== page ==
§ Renovation and refurbishing expenditures. It generally is more difficult to accurately estimate renovation costs than it is to gauge new construction costs. This is especially true for termite and other wood boring insect damage, and upgrading electrical and plumbing within the interior walls. Of course you will want to include a provision for termite inspection if termite activity is prevalent in your area, as well as inspections of electrical and plumbing systems, HVAC, roofing, asbestos, and to determine the dwelling's structural soundness. Obtain cost estimates from qualified contractors to make the necessary repairs and upgrades.
§ Market timing. Many people have delayed the purchase of a vacation home either to await for a downturn or until they have saved enough money to buy a cottage. When later they return to their favorite resort, they are shocked at how high the prices have soared. The message is: "Waiting won't make a property cheaper." In fact, vacation home prices may rise faster than your savings.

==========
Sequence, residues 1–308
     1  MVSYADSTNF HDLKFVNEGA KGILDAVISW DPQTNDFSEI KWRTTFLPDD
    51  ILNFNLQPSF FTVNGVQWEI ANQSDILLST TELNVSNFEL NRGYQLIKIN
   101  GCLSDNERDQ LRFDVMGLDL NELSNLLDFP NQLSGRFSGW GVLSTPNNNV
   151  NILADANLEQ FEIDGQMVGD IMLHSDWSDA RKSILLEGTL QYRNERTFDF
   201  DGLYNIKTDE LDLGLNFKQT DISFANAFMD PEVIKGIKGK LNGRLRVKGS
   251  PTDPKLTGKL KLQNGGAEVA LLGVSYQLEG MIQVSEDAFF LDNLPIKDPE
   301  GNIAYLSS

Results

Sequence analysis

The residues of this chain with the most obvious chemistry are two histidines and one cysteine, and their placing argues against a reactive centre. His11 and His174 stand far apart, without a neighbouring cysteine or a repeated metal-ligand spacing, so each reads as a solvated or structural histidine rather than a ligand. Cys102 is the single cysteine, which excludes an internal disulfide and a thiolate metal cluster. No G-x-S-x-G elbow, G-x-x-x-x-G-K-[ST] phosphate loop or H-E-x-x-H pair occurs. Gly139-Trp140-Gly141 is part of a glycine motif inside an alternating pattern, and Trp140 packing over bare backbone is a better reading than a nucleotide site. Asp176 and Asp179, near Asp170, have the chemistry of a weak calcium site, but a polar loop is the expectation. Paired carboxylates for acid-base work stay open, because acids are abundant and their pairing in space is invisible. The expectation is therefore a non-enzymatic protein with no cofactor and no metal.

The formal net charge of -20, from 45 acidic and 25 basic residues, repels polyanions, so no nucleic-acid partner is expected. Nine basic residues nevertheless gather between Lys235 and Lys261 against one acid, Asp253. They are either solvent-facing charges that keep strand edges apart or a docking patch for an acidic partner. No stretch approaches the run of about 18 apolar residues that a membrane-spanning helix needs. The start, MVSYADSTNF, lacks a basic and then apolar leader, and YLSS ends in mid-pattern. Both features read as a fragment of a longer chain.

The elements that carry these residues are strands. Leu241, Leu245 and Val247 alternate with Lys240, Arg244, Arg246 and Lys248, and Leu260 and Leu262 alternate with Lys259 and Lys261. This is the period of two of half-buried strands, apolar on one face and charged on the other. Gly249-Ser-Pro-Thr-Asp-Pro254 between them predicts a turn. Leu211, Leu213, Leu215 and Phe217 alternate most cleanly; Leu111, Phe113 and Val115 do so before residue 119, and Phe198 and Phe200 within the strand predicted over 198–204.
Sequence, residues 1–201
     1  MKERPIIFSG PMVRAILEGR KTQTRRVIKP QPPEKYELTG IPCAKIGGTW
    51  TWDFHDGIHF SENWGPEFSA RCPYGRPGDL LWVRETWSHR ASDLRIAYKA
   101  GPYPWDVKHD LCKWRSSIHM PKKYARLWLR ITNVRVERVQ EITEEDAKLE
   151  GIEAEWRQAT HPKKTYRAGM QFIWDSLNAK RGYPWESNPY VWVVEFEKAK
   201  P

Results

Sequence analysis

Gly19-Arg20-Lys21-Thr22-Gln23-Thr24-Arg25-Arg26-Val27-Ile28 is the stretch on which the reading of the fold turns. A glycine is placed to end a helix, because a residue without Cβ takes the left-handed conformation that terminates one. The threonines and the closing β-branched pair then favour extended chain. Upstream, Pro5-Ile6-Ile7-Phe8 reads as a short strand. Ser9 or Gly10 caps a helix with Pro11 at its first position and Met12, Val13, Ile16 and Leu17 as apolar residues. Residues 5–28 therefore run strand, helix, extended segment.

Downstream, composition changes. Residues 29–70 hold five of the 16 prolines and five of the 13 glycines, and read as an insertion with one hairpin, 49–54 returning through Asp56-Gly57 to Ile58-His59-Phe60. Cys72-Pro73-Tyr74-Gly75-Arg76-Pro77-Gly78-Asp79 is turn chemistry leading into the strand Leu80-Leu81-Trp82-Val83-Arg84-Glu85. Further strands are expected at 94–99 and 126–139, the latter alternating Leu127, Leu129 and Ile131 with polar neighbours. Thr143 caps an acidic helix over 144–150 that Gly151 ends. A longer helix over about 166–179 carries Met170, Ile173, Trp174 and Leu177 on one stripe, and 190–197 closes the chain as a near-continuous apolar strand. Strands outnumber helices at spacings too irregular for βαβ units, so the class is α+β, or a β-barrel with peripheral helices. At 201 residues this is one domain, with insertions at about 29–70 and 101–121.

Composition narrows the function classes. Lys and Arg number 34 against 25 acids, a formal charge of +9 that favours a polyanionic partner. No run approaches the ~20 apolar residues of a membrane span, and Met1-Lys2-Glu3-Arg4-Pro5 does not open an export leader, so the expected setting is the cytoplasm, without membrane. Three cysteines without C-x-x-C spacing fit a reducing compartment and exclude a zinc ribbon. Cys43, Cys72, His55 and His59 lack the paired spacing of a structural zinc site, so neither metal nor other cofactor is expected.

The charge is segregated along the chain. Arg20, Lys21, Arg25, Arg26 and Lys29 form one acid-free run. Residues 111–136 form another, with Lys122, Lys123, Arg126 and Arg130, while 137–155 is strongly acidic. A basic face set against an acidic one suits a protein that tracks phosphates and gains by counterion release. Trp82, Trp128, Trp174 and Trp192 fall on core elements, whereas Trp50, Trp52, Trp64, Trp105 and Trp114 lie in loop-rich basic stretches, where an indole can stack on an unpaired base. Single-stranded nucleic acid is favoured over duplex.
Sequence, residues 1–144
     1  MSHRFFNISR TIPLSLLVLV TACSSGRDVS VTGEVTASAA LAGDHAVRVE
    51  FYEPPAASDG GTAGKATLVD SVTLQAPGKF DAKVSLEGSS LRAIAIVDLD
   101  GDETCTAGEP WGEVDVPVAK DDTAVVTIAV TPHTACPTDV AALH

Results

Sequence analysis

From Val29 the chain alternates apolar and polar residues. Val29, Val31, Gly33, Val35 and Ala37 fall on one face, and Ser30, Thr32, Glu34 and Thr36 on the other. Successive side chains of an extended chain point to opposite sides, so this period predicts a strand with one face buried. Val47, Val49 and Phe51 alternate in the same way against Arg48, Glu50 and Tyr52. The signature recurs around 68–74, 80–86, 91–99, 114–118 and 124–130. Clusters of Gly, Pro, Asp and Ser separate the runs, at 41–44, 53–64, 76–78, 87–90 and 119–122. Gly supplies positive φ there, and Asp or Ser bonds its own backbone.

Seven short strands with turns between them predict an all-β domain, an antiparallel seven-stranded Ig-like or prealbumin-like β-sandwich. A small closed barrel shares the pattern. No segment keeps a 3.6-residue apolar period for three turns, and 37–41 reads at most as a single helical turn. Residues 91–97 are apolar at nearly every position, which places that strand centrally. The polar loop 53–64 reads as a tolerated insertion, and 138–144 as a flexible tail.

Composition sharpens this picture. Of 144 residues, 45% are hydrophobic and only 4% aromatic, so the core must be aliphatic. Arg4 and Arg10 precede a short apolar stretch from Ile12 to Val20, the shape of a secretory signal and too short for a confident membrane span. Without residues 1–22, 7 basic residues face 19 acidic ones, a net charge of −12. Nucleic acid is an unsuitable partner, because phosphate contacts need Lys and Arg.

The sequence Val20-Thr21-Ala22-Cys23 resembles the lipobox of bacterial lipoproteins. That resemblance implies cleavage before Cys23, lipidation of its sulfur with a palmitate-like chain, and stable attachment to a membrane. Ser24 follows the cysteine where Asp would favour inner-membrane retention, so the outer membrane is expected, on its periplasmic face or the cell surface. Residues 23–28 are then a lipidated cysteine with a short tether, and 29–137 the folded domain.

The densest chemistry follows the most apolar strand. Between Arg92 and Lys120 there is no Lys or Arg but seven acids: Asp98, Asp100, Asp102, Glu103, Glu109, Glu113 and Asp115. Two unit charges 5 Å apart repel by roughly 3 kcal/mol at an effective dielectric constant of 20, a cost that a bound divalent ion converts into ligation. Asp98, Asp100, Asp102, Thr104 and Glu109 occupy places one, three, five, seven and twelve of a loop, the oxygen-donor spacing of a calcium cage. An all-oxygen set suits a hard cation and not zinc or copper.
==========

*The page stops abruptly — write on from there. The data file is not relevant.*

§ Rent risk. This risk is of greatest concern for buyers who already have sizeable mortgage payments on their primary home and other consumer bills. They may have purchased a vacation home anticipating rental income sufficient to offset much of their mortgage payments, insurance, real estate taxes, repairs, and replacements. This can be risky and is best overcome by using the existing rental list to contact past renters, using the same rental company if its fees and performance are acceptable, and setting aside enough money to cover at least six to eight months operating expenses. By then, the property should produce substantial income, but seldom enough to offset all of the housing expenses.